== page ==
When I first set out to make the new Dragon Sherman Firefly, I wanted to make something different from the two choices of markings given in the decals, and that set me looking for information on markings on British WWII armour. It wasn't easy to find, I can tell you, but I eventually located a copy of Vol 2 of "The British Soldier", which, while not cheap, is an invaluable reference to the equipment and markings of the British Army between D Day and VE Day.
Basically, every tank had six markings:
The division emblem is fairly simple - eg the bull for 11th Armoured, jerboa for 7th Armoured etc.
In each 1944 armoured division there were 3 armoured regiments, usually based on the old cavalry regiments, but not always. Where there were "cavalry" regiments, they maintained their old cavalry seniority, so 51 was the most senior regiment, 52 the next etc. In the 11th Armoured, 51 was the 23rd Hussars, 52 the 3rd Royal Tank Regiment, and 53 the Fife and Forfar Yeomanry. The seniority of the regiment also determined the colour of the squadron symbol - red for 51, yellow for 52, blue for 53.
The shape of the squadron symbol showed which squadron the tank belonged to (each regiment had one HQ squadron and three sabre squadrons). A diamond indicated HQ squadron, triangle A squadron, square B squadron and circle C squadron. These were usually mounted on the side of the turret, and occasionally also on the rear of the turret. Some regiments just had to be different, notably the 13/18 Hussars, who used turret numbers in red with white borders like the Germans.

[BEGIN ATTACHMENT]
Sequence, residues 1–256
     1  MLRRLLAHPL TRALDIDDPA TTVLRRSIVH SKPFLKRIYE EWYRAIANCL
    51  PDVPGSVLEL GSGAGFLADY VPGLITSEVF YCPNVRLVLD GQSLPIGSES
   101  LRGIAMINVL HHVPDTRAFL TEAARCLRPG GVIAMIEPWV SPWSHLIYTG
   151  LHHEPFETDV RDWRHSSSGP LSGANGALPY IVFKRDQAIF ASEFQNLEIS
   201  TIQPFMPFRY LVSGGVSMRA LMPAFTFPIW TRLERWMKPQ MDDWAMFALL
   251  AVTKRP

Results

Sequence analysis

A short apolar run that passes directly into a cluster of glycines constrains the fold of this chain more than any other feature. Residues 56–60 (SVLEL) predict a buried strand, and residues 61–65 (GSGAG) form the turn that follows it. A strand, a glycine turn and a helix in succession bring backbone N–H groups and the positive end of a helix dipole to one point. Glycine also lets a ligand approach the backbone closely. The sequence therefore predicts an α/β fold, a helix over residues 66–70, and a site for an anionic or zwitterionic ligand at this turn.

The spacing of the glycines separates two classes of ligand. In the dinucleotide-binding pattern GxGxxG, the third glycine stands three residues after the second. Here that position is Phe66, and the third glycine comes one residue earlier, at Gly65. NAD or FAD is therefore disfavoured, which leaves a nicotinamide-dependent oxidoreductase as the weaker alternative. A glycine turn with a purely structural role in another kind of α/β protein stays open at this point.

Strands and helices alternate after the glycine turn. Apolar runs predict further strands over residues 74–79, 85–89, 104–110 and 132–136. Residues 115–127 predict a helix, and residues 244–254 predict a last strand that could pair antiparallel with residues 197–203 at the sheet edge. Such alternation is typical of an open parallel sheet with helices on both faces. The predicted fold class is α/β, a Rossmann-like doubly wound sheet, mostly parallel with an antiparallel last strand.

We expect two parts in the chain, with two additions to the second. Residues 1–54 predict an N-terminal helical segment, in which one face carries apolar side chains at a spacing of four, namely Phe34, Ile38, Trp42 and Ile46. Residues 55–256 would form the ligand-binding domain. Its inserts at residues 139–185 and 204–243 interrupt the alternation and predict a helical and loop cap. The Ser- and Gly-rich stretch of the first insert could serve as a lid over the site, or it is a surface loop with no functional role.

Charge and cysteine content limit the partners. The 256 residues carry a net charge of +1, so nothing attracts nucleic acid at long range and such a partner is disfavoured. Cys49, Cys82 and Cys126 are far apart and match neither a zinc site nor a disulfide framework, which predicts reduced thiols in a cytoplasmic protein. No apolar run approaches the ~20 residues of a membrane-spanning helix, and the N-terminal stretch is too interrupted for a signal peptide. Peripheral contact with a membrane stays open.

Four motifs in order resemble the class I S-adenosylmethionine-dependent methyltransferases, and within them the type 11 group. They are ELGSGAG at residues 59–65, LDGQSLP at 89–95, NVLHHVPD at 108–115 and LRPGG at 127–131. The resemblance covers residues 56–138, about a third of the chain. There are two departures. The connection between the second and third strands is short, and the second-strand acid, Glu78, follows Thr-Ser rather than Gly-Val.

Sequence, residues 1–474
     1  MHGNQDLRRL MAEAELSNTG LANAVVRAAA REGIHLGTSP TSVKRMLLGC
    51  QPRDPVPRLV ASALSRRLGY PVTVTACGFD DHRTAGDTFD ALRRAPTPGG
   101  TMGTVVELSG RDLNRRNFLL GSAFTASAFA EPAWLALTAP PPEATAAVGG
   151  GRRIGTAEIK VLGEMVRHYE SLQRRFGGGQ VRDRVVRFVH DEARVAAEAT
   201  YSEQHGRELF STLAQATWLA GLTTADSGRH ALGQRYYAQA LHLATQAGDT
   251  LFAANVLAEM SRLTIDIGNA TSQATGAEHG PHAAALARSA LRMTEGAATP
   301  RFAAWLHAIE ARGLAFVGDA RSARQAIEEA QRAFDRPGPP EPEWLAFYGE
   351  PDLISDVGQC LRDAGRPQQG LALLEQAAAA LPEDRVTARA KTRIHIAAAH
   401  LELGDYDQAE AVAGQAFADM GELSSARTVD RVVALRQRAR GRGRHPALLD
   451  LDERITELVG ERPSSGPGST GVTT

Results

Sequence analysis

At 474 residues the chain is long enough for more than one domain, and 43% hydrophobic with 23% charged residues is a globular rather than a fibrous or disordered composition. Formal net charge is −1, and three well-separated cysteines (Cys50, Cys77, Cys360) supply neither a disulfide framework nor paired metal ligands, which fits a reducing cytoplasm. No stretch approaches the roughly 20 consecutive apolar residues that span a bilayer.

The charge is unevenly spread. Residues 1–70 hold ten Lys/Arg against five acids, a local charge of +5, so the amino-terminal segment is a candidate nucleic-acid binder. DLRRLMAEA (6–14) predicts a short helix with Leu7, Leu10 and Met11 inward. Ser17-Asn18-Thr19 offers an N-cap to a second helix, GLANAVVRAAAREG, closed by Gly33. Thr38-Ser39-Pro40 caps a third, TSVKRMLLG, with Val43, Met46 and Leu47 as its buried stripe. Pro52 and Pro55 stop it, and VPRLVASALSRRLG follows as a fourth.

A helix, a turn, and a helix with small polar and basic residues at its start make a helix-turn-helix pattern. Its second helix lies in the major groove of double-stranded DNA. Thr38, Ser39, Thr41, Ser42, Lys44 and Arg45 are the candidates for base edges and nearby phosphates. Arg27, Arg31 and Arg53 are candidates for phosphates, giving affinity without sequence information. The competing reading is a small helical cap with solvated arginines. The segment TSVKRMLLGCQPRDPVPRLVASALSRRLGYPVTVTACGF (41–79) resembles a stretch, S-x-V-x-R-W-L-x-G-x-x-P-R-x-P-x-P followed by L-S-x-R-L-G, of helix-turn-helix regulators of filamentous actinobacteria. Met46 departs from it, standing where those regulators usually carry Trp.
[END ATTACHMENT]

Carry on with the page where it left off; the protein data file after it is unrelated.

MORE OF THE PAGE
The weight classification was usually in black on a yellow circle and gave the gross weight of the vehicle, so that MPs controlling bridges could tell at a glance whether the tank approaching the bridge was too heavy for the bridge. Shermans were usually 30 tons, and Fireflies 33 (compare this to a King Tiger, which was 70!)
The name of the tank was usualy related to the troop letter. Each squadron had (usually) one HQ troop, one admin troop and five tank troops, A-E of three tanks each. Some units had four troops of four tanks each. The name of the tank in most instances started with the troop letter, but modellers would be well advised to check this carefully - there were many variations. What was common was that all of the tanks in the same squadron had the name of the tank and the number in the same position on the tank, always on the hull sides, but the position varied a lot.
The number of the tank always started with "T", and the position is as indicated above.
One other point to watch is that not all British armoured divisions used Shermans - I know 11th Armoured did, and I'm pretty sure 1st Armoured did. 7th Armoured did too, but you'd have to be careful when.